Chris Green

Adjunct, Community College

(Tampa, FL)


My first day’s grim lecture on scansion,
and a couple making out in the last row.
Why not, it’s a poetry class, so I
let them continue. They seemed baroque
and unafraid—knotted, tonguing.
The dim urban low-ceilinged space,
now a rose garden for necking
and reading sonnets in. The truth,
I was green and the students common,
their faces looking lonely: immigrants,
mainly poor, a few sleeping (the damned
who’d worked all night) and a mother
who’d brought her squalling baby.
Altogether, we were crude but not dead,
so eventually I stopped, and we watched
the couple until the very end. 


I got up at eight to get some grading done.
Mispellings. Morning coffee. TV.
The dog threw up something yellow.
The pile of essays so high or so tired,
it shaped the air like a body.
The assignment: to write about a difficult time.
Dead dogs and grandparents,
bogus love, drugs, fatness, etc.
And then the one that came from nowhere,
by the girl with the gazing face.
She and her parents were held in a prison camp
in Vietnam. Once a day, they were allowed
to pee and shit from a small bridge
into a pond that was also their drinking water.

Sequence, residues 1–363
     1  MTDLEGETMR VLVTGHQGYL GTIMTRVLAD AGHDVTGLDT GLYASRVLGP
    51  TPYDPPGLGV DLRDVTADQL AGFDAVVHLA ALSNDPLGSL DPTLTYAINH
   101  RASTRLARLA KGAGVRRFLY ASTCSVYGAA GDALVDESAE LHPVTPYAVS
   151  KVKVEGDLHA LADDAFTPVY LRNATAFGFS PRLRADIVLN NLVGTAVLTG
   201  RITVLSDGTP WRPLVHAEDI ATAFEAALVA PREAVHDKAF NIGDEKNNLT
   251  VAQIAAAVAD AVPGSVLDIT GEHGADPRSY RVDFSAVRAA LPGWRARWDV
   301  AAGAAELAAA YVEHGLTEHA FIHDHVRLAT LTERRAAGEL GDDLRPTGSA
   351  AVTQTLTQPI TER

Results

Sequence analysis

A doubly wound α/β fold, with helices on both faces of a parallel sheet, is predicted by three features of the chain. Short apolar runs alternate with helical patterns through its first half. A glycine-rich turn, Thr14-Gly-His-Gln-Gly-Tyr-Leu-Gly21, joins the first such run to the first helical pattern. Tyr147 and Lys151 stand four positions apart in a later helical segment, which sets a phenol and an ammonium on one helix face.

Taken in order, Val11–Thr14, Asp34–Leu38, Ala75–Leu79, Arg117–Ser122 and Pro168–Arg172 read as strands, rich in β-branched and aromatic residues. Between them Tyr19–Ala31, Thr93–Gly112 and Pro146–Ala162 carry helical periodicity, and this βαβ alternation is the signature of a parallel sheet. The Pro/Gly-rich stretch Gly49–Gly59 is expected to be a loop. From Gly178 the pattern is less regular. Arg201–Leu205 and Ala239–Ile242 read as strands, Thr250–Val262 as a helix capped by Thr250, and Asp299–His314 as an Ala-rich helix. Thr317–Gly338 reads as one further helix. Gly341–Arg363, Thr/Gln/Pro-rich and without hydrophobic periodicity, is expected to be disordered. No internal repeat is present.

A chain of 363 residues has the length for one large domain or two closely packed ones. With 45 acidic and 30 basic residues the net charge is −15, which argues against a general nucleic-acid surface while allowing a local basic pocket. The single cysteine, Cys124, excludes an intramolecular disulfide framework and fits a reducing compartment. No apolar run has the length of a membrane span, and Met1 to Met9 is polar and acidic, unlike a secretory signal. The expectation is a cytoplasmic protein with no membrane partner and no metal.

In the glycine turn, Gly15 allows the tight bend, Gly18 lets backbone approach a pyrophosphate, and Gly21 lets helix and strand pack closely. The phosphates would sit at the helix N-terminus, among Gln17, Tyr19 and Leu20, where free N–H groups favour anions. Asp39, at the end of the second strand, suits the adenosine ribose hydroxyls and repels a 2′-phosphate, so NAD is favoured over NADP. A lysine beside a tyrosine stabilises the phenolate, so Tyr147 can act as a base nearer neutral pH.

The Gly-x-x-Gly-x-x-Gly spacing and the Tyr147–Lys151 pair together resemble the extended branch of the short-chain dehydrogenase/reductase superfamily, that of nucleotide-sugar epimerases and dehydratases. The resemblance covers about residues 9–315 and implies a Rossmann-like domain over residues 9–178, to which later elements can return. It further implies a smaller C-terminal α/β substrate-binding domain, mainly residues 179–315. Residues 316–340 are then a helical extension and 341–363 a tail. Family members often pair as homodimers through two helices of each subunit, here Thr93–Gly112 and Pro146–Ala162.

She was sold as a sex slave to a man in Florida.
She was kept naked; he would come home,
push her nipple between his teeth.
Eventually, learning enough English
from TV, she escaped to become
the manager of a bakery.


He was older than the rest, appeared
motherless, solitary in the crowded class.
I remember his bad clothes and skin,
though he was not unhandsome.
His writing was mostly sane:
characters in pain trying to meet women.
I tried to help—placed him in groups
with the prettiest coeds. He never spoke,
quit the class early, turned in his final story.
Weeks later, I saw him arrested
on TV: a serial rapist—
anaesthetized nurses, a note about
“eating their oxygen.”
He’d crawled all over Tampa/Clearwater,
which is the bottom of America,
an absolute slinking hell
(the only life is the savage nature
that would beat the hell out of any city).
His last story was like the remains
of a mattress, an obscene confessional
or promise from a maniac. The plot:
Dr. Pickelsworth builds
a doomsday machine—
then drunk, fucks a porthole in its side
(this goes on a long time)—he comes
and the world explodes.

Technical Writer

Who wants to write about swallowing-disorders in the elderly
when I can ride a running horse for the first time,
         call my boss a dumb fuck to his face.

Relax aren’t you supposed to relax
         I do and am one with this goddamn horse and the entire landscape
—the rhythm just below the scrotum, the place that makes movie cowboys

         rise and wave their hats
         a type of yippee! found only at the center of the center

But it’s over. I sit erect in the saddle.
         To dismount
is to find yourself in a strange city without work.

Chris Green

<em>Edit Poetry</em> Chris Green

Chris Green is the author of two books of poetry: Epiphany School and The Sky Over Walgreens. His poetry has appeared in such journals as Poetry, Verse, Nimrod, RATTLE, and Black Clock. He recently edited the anthology, Brute Neighbors: Urban Nature Poetry, Prose & Photography. He teaches in the English Department at DePaul University.